President Obama says trends toward clean energy are "irreversible" and will overcome "near-term politics" in an article he wrote Monday for the journal Science.

The article, entitled "The irreversible momentum of clean energy," was published in the journal's policy forum, and details why the president believes there's no turning back from renewable energies such as solar, wind and geothermal.

"Putting near-term politics aside," Obama wrote, "the mounting economic and scientific evidence leave me confident that trends toward a clean-energy economy that have emerged during my presidency will continue and that the economic opportunity for our country to harness that trend will only grow."

Obama said there are several reasons for this, primarily that prices for clean energy continue to drop and businesses and governments around the world are heavily invested in it.

He said that left unchecked, runaway global warming from the burning of fossil fuels such as gas, oil and coal could cause temperatures to rise by another 7 degrees or more by 2100.

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"It is becoming increasingly clear that, regardless of the inherent uncertainties in predicting future climate and weather patterns, the investments needed to reduce emissions ... will be modest in comparison with the benefits from avoided climate-change damages," he wrote.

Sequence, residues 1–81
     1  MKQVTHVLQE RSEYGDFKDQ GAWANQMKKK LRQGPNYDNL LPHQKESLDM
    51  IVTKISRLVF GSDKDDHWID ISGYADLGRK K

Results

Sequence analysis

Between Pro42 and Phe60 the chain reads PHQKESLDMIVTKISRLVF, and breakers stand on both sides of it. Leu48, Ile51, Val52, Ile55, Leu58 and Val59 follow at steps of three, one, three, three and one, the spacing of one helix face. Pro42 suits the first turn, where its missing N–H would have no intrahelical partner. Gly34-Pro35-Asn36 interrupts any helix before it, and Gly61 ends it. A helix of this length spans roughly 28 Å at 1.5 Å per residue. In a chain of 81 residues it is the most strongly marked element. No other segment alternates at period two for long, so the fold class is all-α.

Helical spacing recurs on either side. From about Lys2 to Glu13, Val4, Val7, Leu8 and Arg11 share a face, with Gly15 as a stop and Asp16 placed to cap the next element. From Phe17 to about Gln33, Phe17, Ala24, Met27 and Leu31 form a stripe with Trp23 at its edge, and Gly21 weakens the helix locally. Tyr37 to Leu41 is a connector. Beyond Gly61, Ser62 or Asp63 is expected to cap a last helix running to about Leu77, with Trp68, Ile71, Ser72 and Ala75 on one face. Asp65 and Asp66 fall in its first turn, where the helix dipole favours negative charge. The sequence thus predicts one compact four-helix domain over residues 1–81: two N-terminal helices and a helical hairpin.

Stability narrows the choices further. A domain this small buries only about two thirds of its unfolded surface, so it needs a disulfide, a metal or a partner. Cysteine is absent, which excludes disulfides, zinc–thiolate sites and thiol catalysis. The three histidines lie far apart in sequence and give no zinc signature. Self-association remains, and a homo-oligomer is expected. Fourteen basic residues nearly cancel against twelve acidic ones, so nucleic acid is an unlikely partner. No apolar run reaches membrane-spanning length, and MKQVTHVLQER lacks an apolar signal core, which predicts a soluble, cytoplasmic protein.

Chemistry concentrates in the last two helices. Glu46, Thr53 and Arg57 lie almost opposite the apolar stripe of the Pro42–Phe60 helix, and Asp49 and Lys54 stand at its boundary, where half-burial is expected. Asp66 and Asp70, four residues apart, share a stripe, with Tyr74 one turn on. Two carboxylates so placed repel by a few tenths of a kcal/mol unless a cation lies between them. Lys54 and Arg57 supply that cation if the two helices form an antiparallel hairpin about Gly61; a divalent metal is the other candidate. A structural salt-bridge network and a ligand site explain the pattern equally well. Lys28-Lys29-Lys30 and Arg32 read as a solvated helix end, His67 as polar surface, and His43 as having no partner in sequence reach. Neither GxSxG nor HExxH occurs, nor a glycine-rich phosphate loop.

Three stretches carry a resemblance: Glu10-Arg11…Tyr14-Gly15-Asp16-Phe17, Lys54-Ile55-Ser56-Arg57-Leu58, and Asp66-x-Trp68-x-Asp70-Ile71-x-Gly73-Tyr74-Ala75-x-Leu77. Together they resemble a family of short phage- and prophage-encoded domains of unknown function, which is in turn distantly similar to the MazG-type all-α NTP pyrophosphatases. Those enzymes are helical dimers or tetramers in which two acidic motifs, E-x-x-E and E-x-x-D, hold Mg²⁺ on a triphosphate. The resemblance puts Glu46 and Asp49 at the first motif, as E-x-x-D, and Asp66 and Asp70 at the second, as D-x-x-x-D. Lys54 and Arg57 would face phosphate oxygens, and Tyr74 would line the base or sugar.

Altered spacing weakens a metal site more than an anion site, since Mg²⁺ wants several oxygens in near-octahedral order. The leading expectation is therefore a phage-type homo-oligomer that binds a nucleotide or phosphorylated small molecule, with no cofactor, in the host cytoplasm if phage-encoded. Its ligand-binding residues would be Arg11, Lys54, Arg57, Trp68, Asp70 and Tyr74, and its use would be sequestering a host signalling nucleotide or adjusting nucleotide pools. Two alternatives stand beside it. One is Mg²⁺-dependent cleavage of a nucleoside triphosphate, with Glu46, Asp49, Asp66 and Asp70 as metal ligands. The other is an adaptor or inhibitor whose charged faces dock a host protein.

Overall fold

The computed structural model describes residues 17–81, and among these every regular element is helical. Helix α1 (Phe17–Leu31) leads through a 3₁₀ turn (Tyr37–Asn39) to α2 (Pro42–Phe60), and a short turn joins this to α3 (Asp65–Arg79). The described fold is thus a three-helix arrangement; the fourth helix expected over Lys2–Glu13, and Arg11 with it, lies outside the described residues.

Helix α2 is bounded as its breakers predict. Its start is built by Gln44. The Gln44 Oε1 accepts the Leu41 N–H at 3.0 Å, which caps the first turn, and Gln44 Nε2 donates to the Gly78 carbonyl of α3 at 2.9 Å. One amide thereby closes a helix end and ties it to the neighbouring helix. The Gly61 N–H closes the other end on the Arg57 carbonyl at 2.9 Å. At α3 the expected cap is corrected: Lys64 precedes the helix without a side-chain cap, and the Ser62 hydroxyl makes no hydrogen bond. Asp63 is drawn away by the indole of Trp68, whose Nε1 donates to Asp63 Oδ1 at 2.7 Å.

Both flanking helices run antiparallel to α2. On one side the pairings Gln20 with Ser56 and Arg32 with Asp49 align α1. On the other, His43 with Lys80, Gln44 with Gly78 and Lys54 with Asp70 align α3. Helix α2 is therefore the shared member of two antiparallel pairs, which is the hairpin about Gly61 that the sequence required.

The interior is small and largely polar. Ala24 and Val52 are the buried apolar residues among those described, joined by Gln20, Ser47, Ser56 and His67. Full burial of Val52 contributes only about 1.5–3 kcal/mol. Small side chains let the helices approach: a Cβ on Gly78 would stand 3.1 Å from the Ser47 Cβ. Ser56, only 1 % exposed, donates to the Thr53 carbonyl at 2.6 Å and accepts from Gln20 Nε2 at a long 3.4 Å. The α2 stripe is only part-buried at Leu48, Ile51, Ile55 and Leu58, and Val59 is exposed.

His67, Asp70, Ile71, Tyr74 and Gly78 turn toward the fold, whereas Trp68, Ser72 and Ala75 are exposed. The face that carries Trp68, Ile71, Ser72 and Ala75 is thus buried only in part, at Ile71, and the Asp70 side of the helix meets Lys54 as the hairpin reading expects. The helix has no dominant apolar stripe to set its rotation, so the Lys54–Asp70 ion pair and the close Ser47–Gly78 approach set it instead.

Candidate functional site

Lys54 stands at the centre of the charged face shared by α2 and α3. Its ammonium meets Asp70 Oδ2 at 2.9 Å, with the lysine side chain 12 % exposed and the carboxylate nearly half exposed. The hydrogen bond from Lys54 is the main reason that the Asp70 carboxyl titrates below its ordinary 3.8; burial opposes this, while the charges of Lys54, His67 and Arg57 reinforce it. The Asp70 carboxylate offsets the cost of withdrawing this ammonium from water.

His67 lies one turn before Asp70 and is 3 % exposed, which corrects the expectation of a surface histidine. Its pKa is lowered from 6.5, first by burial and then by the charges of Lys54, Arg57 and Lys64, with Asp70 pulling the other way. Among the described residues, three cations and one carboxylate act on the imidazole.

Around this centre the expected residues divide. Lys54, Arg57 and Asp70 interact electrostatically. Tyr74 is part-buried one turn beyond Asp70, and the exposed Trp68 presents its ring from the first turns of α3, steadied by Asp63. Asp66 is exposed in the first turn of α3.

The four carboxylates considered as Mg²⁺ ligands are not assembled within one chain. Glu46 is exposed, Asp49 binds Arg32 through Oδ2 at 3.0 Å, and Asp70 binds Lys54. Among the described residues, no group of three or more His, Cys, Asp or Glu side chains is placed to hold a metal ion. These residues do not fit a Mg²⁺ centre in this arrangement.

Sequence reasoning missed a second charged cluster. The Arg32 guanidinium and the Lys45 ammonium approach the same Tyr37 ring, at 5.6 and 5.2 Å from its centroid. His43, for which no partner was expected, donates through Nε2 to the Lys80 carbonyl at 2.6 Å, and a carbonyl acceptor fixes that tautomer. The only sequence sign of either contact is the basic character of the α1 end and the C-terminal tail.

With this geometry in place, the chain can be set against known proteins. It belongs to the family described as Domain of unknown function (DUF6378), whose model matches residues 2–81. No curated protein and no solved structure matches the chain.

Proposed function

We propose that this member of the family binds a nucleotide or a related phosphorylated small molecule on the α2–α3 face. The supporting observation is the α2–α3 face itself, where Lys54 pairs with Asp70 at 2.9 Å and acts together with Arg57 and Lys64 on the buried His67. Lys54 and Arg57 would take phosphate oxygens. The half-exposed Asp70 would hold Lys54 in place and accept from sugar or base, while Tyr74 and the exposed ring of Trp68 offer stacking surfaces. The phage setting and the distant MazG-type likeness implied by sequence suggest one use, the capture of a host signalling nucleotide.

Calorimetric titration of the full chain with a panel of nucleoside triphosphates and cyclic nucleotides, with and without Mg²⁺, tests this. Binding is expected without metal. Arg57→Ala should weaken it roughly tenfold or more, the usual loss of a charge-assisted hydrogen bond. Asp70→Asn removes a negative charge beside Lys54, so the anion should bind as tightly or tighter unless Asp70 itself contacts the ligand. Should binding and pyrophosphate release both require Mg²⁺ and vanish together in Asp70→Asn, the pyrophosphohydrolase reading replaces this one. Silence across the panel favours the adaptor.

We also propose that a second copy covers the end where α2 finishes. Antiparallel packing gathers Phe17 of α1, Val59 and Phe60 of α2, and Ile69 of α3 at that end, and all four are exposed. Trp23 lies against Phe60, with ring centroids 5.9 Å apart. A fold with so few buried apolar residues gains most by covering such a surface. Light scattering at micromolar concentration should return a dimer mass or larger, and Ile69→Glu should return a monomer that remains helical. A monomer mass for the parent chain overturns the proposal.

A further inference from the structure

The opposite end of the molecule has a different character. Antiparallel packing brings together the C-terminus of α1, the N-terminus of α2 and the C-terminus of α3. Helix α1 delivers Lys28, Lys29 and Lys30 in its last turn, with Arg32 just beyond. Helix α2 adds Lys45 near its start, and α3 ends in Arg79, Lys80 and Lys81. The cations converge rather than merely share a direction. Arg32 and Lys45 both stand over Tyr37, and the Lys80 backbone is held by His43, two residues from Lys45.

From 2008 to 2015, Obama noted, the American economy grew by more than 10%, while carbon dioxide emissions from the energy sector fell by 9.5 % — a result that "should put to rest the argument that combating climate change requires accepting lower growth or a lower standard of living."

“I remain convinced that no country is better suited to confront the climate challenge and reap the economic benefits of a low-carbon future than the United States,” Obama wrote, adding that “of course, one of the great advantages of our system of government is that each president is able to chart his or her own policy course. And president-elect Donald Trump will have the opportunity to do so.”

The journal Science is published by the Washington-D.C.-based American Association for the Advancement of Science.